By Melissa R. Selke, RPLU, CIC, CRM, MLIS
While they are not new, Section 220 demands are on the rise. Often, they are a precursor to derivative investigations and class action lawsuits against the company, its directors and its officers. Are you prepared? Are you insured?
What Is a Section 220 Demand?
According to Delaware General Corporation Law (DGCL) Section 220, stockholders of companies incorporated in this state are entitled to request in writing an inspection of a company’s books and records to obtain additional information about the company. Books and records include but are not limited to the corporation’s stock ledger and list of shareholders. Other states, such as Florida, Michigan and New York, have similar laws.
The person making the Section 220 demand must prove that he or she is a stockholder of the company and must have “a purpose reasonably related to such person’s interest as a stockholder” for making the request. Typically, a stockholder wants to inspect the books and records in an attempt either to value stock (in the case of privately held companies) or to investigate corporate mismanagement or alleged wrongdoing. The purpose cannot be contrary to the interests of the corporation.
A company has five days to respond to a Section 220 demand, or the request will be deemed rejected. The stockholder can then sue to force the company to allow the inspection.
D&O Policy Language to Address Section 220 Demand Costs
A company will incur legal fees and other expenses in responding to a Section 220 demand. If the corporation’s D&O liability policy is amended to include the right language, these costs can be covered by insurance. There are two ways to do this.
The first way is to include books and records inspection costs in the definition of derivative investigation costs—costs already covered by the policy. Derivative investigation costs are in most cases subject to a $250,000 sublimit, so the coverage for books and records costs is also subject to the sublimit. Most primary D&O insurers currently take this approach by adding language to the existing policy.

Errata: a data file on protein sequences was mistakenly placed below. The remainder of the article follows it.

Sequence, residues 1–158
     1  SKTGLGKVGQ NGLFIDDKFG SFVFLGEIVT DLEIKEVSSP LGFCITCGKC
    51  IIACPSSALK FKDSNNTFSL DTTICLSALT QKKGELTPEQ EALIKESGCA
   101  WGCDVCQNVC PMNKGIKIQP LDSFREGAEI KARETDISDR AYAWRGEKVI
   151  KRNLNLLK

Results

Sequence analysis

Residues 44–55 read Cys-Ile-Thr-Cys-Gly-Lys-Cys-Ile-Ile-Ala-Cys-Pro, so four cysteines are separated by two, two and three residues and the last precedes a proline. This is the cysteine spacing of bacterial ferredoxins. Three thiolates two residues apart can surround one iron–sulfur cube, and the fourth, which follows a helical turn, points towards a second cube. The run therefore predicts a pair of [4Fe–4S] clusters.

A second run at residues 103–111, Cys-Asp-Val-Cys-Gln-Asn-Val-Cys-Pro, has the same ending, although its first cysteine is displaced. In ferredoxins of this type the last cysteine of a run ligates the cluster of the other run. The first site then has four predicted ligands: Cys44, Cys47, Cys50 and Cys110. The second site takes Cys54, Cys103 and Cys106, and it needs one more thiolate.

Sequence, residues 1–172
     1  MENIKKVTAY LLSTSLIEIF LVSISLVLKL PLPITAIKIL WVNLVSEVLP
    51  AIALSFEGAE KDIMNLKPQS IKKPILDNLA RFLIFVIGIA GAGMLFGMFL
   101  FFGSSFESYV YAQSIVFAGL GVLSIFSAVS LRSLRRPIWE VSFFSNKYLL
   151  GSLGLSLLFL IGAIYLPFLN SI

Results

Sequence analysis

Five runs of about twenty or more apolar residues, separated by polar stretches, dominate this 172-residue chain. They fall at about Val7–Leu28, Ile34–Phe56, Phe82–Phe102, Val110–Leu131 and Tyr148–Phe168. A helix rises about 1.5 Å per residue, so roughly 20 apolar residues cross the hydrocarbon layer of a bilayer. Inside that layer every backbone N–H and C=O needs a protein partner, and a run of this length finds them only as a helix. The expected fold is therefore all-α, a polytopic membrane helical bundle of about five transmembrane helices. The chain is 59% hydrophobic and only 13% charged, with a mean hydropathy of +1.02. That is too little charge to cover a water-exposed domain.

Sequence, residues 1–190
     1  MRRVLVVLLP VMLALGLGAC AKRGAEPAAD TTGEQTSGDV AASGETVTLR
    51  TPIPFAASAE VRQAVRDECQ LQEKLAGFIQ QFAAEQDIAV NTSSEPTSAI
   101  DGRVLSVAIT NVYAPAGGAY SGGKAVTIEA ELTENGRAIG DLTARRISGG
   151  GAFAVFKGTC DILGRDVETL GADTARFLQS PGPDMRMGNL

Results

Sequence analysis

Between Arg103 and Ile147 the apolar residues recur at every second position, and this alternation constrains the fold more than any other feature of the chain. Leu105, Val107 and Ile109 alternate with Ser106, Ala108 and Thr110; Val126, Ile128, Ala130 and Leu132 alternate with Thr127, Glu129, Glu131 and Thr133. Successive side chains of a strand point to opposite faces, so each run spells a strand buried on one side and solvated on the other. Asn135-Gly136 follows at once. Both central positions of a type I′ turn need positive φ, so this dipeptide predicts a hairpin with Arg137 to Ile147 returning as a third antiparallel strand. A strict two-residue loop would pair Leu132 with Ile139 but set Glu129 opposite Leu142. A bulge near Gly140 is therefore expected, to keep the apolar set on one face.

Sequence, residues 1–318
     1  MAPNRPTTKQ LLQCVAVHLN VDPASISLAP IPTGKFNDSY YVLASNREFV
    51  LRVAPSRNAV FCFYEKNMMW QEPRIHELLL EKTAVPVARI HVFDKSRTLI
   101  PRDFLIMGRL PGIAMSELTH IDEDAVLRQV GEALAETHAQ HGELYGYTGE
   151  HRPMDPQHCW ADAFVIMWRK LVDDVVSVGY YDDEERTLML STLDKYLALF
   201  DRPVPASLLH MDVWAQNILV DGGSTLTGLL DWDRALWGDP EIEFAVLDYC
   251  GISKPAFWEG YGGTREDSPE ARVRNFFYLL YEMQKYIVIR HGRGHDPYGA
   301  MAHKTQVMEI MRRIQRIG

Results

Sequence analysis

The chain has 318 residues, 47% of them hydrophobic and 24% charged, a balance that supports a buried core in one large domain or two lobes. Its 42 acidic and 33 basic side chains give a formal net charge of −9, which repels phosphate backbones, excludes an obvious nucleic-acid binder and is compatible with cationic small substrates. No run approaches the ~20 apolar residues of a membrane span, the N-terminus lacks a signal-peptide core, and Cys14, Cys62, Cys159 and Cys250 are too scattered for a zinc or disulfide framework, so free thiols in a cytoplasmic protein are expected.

The second way books and records demand costs may be covered by a D&O policy is by amending the definition of defense costs to include the costs associated with a books and records request, when they are relevant to a securities claim brought as a derivative action. Because the costs are not tied to derivative investigation costs, the full policy limit—not just the sublimit—is available to cover books and records costs.
This approach, however, could be detrimental to the company: The books and records demand will typically occur prior to a securities claim or derivative action—if one is even brought at all. In addition, the company would be responsible for paying its self-insured retention amount, which does not apply to the derivative investigative costs coverage sublimit.
Conceptually the best way to address this risk would be to amend the definition of claim to specifically include these costs. However, insurers have been reluctant to do so. This is likely because a books and records demand could be entirely unrelated to a traditional D&O claim, such as securities litigation.
Before you are faced with addressing a books and records demand, review your D&O policy with your insurance professional. Together, determine how coverage is being afforded or whether your policy needs to be amended to add this important coverage. Avoid the uncertainty that comes with having to negotiate coverage at the time of a demand.